Sure, most films aimed at children are far from pure. TheyÂre always selling something, from cheap toys to greasy cheeseburgers. If kids fall in love with a character on the screen, itÂs usually because they want something plush to squeeze when they get home. Foodfight!, however, cuts to the chase. It wonÂt feature product placements, it will itself be a product placement. The entire fucking movie. Charlie Tuna, Mrs. Butterworth, Mr. Clean, Twinkie the Kid, the California Raisins Â all will not only stop by, theyÂll be the very message of the movie. A most insidious message, given the target audience. In short, brand names are the only route to happiness; to individuality, the very freedom we cherish as a people. Lock in as a child, or face disillusionment as an adult. Through the consumption of well-known goods, unending joy will ensue. Seek the foreign, the unknown, the less expensive, and youÂre a rank comformist, even a Nazi. SheenÂs Dex Dogtective is pretty clear: ÂDoing fun things like eating donuts is what weÂre fighting for!Â Shit, we invaded Iraq for less. Our brave soldiers, bleeding and dying for the rights of the obese.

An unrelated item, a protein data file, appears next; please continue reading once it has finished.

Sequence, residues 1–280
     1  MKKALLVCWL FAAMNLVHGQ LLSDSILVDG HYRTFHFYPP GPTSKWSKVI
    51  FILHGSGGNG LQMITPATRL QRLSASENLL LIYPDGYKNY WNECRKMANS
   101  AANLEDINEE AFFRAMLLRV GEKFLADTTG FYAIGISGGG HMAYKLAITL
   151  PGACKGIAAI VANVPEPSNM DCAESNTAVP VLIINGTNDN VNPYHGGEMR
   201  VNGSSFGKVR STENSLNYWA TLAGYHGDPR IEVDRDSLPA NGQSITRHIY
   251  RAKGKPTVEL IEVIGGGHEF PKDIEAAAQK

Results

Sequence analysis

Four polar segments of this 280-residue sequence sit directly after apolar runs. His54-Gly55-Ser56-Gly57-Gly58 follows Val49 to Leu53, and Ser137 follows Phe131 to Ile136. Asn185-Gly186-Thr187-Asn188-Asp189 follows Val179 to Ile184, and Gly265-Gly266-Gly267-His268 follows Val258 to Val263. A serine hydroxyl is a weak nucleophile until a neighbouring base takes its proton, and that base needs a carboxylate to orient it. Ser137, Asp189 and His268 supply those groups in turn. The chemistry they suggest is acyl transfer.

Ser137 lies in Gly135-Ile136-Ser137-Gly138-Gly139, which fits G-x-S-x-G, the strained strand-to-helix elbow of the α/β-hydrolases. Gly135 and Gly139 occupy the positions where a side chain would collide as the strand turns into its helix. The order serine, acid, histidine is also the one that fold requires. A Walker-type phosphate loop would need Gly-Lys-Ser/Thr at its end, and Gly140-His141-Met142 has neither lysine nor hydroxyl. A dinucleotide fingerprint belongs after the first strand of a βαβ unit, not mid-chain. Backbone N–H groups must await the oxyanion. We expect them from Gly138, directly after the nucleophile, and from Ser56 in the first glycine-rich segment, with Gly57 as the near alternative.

Oh, please. Spare me the anti-capitalist propaganda. Lighten the fuck up.
We begin in Marketropolis. After dark, all the products come alive and the fun begins. Dex, a crime-fighting pooch, is our hero, and heÂs in love with Sunshine Goodness, a raisin spokesperson. SheÂs peppy and attractive, and I think sheÂs a cat. At least she has cat ears and teeth. But her body? A sexy young woman, with legs to burn. And a short skirt revealing, well, everything, if the wind is right. WhatÂs on your mind, Sunshine? ÂLetÂs have a picnic! WeÂll have Chef Boyardee fix us a spread! WeÂll play stickball with Mr. Clean!Â Did I mention she has massive tits? Dex wants to get married, but the timing is off. Sunshine, however, is all about innuendo: ÂIt warms my heart the way you love my raisins, tough guy.Â The proposal can wait. Six months suddenly pass, and Sunshine has been kidnapped.
Okay, so you have a few product placements. And? ThatÂs hardly offensive.